Condolences pour in for journalist Talat Aslam, who passed away on May 25
ournalist Talat Aslam passed away on May 25 at his residence in Karachi. He was 67.
An icon of the old school of journalism, Aslam (better known as Tito) was widely recognised for his witty takes on Twitter on current political and social issues in the country.
He had been suffering from kidney failure since 2016 and was undergoing dialysis thrice a week. However, he uncomplainingly went about his life and his work.
He was born in Chittagong, then East Pakistan. In 1971, his family moved to Lahore and then to Abu Dhabi, where he received his early education. Later, he went to England to study anthropology at the University College, London.
In his media career – mainly English print journalism – he was most associated with two major media groups: Dawn and Jang. After completing his studies at the UCL, he had moved to Karachi and joined Herald, where he worked as an assistant editor and then editor. His colleagues at the monthly included Sherry Rehman, Zafar Abbas, Azhar Abbas, Hasan Zaidi, Idrees Bakhtiar, Aamer Ahmed Khan and Zaigham Khan.
In early 2000s, Aslam, and his close friend filmmaker Hasan Zaidi, left Herald and joined Geo TV ahead of its launch. However, after a brief stint at Geo, Aslam started working for Dawn’s editorial section. In 2004, he became associated with The News International, where he was the senior editor at the time of his demise.
Many colleagues at The News remember him as a mentor generous with advice and story ideas. Many picked the nuances of reporting on urban life in conversations with him that ranged from politics to art and culture.
Following the news of his death, leading politicians, journalists and people from various backgrounds took to social media and issued statements to express their sorrow and offer condolences. His friends and colleagues continued to tweet anecdotes and personal stories through the day, some of them remembering the various ways he had touched their lives and their careers.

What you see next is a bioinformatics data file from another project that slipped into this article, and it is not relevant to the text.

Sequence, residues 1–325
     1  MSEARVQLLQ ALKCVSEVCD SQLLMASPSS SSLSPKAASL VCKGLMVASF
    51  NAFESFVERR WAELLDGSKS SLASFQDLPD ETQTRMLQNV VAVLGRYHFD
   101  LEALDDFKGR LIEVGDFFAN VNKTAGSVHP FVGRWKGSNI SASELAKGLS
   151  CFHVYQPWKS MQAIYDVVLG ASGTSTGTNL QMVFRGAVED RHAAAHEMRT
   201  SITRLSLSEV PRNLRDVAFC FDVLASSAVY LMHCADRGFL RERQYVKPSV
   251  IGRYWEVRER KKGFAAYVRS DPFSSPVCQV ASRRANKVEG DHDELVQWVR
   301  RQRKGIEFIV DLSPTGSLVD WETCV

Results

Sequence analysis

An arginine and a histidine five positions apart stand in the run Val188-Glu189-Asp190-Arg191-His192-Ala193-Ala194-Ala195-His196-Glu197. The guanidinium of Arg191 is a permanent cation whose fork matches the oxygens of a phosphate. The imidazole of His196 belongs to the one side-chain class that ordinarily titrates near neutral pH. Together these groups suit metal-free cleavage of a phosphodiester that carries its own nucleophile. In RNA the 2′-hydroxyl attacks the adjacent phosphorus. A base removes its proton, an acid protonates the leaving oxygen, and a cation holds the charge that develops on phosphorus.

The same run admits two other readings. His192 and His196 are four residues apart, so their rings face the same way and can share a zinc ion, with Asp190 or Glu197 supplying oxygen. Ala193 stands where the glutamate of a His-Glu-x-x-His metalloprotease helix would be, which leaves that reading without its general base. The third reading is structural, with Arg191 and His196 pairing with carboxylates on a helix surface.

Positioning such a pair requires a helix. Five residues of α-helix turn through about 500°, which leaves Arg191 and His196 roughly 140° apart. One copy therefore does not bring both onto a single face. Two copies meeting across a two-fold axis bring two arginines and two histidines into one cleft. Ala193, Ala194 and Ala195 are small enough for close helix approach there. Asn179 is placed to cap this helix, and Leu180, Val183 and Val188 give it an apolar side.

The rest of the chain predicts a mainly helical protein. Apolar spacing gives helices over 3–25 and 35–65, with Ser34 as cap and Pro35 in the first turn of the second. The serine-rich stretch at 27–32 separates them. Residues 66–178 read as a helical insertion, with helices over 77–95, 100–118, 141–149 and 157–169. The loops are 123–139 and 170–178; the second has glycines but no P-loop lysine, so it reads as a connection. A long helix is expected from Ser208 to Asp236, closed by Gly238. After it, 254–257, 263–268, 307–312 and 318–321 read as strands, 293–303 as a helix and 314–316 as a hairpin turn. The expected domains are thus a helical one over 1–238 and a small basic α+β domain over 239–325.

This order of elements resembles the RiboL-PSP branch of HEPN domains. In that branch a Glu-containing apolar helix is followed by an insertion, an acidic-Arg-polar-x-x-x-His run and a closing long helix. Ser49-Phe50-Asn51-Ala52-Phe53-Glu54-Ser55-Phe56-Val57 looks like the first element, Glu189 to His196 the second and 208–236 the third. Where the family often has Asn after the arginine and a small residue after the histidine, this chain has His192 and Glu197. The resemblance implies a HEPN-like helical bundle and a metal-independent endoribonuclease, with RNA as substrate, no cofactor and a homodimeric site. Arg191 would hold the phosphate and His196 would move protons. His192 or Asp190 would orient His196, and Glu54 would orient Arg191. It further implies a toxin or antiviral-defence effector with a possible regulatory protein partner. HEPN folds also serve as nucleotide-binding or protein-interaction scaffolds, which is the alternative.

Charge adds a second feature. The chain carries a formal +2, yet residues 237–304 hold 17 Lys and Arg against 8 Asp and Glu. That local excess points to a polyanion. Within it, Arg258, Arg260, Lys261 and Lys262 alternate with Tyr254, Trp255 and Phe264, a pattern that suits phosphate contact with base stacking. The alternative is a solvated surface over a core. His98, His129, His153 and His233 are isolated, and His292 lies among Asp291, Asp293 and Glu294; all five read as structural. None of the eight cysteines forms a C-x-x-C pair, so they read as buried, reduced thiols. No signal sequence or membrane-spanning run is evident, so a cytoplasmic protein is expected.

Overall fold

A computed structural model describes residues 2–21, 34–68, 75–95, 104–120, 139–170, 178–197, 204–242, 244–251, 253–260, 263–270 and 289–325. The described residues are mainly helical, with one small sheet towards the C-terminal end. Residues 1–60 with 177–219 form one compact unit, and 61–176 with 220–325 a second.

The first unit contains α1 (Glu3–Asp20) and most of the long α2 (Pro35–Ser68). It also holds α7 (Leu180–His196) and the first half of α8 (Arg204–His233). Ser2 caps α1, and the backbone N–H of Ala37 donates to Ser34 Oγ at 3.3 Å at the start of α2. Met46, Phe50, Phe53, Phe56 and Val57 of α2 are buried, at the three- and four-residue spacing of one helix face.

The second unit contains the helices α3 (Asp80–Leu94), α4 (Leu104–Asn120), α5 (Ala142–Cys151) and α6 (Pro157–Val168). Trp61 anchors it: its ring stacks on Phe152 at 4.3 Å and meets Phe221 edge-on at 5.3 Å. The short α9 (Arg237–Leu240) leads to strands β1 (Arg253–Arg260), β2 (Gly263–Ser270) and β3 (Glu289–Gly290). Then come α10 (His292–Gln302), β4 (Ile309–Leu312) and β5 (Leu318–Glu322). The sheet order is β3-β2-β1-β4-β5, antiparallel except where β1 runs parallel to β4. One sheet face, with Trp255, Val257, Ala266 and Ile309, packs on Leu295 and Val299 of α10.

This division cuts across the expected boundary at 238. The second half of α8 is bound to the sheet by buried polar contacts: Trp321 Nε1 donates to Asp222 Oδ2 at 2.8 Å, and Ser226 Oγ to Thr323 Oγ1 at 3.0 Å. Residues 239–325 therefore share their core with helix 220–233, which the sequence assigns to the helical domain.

Aslam was fond of travelling, music, food and culture. “When he returned from an outing, he shared stories of adventures and folk songs he had picked on the way. How could he remember these folk songs?” wondered Hasan Mujtaba, who in the 1990s used to be a frequent visitor along with the late Musadiq Sanwal and Mohammad Hanif.
Following the news of his death, leading politicians, journalists, and people from various backgrounds took to social media and issued statements to express their sorrow and offer condolences. His friends and colleagues continued to tweet anecdotes and personal stories through the day, some of them remembering the various ways he had touched their lives and their careers.
Federal Minister for Climate Change Sherry Rehman said on Twitter that it felt like her heart would “burst with grief upon hearing that old friend, veteran journalist Talat Aslam had just passed away.”
“Aslam was not just an old-school journalist, with the highest integrity, he was a seasoned English-language editor,” she said. “He was the kindest, funniest, wittiest, warmest soul in the whole world.
Parliamentarian Sanaullah Baloch, an occasional contributor to The News, said that Aslam had always supported his writing at a time when few people had the courage to publish the Baloch perspective. MNA Mohsin Dawar said that Aslam had helped him publish his first piece.
Writer Fatima Bhutto tweeted that when she began her “life in writing as a 24-year-old, I had the good fortune to have Aslam as my editor... He was funny, kind and let me write whatever moved me.“
Politician Afrasiab Khattak said that anyone who met Aslam even once would never forget his wit, humour and humanity. “That explains the large circle of his friends he had from all backgrounds. His death is a huge loss for journalism.”
The writer is a Karachi-based journalist and researcher. Twitter @zalmayzia